Newsletter No.36 07 October 2016
Gucci named among hottest luxury brands.
Luxury brand Gucci, along with Louis Vuitton and Chanel, has been named hottest luxury brand. Gucci’s editorial value climbed over 15 per cent year-on-year, in the first half of 2016, according to a latest report. However, the editorial values of Louis Vuitton and Chanel grew at a slower rate of less than 15 per cent despite a high print advertising spend.
An Exane BNP Paribas report evaluated the brand temperature of premium and luxury brands. This was based on the ratio between their print advertising spend and the editorial coverage they receive in magazines.
According to the report, brands are ranked hot, if magazines offer these brands more editorial space than their advertising spends should warrant.
So, if brands receive more editorial coverage than their magazine advertisement spends, they get a hot rating, while brands that fall below this ratio are rated cold.
Meanwhile, other luxury brands like Giorgio Armani and Prada saw a drop in editorial print coverage vis-à-vis their advertisement spends, thereby lowering their editorial value in double digits, denoting that their brand temperature had cooled as against the same period last year. (AR)
Woolworths Holdings Limited to acquire Politix, a leading Australian menswear business.
Woolworths Holdings Limited (“WHL”) today announced that its wholly owned subsidiary, Country Road Group had entered into an agreement to acquire Politix, a market-leading retailer in Australian designer menswear. Politix has 75 stores, including 31 concessions across Australia and FY2016 sales of A$56 million. The agreement is subject to the fulfilment of certain conditions precedent normal for a transaction of this nature. The proposed acquisition will be funded through internal resources and is expected to be immediately EPS accretive. With a 40-year heritage, Politix is an iconic Australian men’s fashion brand with a distinctly modern and detailed DNA, which appeals to a broad base of fashion-conscious men aged 18 to 35. Former Liverpool FC and Socceroo star, Harry Kewell continues to be the brand’s key ambassador, in a long-standing association that stems back to 2008.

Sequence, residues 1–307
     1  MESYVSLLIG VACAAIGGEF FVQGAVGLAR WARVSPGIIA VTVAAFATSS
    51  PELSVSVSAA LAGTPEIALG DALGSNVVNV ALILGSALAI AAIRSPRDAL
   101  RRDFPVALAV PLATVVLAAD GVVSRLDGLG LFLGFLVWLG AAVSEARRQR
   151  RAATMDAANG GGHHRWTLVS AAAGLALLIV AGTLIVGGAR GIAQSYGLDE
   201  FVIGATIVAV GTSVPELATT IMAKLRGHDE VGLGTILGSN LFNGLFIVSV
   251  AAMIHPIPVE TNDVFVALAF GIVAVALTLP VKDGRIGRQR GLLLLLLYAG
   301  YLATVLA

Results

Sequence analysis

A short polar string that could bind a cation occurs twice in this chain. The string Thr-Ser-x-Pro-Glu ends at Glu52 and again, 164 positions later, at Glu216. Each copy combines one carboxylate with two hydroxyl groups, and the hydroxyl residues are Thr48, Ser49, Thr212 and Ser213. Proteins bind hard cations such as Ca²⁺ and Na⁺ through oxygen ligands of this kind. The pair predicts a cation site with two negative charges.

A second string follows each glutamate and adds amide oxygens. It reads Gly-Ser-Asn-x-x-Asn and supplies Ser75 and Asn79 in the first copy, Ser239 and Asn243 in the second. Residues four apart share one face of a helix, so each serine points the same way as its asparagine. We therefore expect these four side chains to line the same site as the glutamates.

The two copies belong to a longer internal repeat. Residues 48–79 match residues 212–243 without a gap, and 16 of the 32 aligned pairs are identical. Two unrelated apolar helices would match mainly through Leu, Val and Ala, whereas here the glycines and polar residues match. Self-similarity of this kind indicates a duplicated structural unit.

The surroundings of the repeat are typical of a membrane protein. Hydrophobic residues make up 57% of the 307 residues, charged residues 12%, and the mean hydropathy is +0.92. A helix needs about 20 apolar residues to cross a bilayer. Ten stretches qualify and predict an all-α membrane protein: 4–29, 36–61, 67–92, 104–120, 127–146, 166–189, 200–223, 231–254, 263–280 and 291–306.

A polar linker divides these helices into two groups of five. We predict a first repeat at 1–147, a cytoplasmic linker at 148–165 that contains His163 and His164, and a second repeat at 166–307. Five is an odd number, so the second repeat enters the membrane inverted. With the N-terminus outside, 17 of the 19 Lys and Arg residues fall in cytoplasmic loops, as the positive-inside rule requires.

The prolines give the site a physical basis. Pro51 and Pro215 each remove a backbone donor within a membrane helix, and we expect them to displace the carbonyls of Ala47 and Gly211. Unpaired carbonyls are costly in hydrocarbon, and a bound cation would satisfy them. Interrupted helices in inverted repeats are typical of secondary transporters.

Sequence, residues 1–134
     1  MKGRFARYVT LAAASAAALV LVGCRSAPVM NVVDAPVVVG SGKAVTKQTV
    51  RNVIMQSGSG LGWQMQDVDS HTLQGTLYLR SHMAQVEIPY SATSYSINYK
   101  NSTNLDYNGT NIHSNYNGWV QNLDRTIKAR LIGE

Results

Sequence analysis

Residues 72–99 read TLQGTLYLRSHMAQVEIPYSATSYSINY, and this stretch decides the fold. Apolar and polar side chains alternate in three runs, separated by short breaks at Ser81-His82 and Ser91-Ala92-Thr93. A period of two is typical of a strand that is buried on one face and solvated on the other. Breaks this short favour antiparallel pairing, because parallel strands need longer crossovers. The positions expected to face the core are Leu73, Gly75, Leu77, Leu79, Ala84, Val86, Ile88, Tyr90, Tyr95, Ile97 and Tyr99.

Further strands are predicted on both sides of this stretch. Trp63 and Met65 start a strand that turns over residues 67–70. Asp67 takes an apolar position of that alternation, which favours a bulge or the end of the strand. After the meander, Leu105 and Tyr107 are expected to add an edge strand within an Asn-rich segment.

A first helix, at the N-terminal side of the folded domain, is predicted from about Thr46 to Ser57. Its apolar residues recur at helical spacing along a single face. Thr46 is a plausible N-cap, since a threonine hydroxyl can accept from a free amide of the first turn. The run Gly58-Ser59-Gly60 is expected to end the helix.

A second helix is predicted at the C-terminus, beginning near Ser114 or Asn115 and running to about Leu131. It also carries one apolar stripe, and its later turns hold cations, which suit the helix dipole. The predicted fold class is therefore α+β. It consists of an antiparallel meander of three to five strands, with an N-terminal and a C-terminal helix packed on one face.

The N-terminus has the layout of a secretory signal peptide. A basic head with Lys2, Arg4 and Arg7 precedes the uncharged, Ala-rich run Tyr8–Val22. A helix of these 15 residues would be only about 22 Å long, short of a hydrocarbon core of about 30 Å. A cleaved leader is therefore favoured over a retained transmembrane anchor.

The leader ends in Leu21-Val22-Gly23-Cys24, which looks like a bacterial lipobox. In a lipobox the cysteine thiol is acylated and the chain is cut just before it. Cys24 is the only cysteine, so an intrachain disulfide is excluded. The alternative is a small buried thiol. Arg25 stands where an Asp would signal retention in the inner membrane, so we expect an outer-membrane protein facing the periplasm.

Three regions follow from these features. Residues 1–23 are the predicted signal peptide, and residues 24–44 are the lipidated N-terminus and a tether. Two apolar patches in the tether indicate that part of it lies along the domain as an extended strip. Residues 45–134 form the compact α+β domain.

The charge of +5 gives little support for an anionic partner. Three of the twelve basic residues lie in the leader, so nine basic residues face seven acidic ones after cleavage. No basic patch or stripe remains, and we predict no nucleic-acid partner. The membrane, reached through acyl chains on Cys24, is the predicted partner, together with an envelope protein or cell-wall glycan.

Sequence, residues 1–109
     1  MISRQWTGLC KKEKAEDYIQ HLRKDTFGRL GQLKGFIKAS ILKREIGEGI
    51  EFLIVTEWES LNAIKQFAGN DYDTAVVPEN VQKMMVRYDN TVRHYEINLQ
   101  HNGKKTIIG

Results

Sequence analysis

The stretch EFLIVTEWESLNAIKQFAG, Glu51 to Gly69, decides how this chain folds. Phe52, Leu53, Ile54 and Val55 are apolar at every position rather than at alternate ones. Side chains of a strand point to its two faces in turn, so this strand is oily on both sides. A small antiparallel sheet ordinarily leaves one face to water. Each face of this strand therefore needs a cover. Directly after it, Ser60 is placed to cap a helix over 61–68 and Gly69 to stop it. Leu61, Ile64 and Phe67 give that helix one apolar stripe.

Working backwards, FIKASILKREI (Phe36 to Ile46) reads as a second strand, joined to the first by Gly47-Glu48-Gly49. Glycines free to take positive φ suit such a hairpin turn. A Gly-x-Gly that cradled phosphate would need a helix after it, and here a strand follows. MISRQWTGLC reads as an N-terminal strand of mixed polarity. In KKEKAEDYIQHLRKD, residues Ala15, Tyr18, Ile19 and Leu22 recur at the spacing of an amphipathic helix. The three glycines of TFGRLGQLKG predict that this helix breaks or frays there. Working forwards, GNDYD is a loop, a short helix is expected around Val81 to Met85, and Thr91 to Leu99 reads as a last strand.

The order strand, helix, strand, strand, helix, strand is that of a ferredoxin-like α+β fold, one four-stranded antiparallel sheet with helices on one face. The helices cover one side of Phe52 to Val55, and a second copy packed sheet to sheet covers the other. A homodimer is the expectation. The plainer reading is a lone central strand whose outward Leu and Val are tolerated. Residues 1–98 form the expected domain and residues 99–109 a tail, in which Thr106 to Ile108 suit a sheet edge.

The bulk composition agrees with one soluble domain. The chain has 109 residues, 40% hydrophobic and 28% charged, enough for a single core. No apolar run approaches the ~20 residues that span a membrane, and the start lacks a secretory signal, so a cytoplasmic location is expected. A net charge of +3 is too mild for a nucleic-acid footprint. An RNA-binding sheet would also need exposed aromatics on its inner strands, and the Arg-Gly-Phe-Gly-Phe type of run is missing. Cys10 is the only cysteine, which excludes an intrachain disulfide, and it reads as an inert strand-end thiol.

The acquisition is consistent with WHL’s southern hemisphere strategy of building a strong and diversified portfolio of iconic brands. Politix will add to WHL’s existing Australian stable that already includes David Jones, Country Road, Witchery, Trenery and Mimco. WHL’s Chief Executive Officer Ian Moir said: “The acquisition of Politix is a logical acquisition that will deliver value for WHL’s shareholders. Politix will extend WHL’s menswear offering in Australia and in time we expect to roll out the brand in David Jones and into New Zealand.
“We are delighted to welcome the Politix team to our business. Politix CEO, Peter Sitch and his team have done a fantastic job over the past 10 years growing the company to become the success story it is today and we look forward to Peter and his management team driving the next phase of the brand’s growth.” Peter Sitch said, “This is a tremendous result for our people and our customers. WHL is a world class retailer and will provide the best possible platform for further domestic growth and future international expansion of our brand.”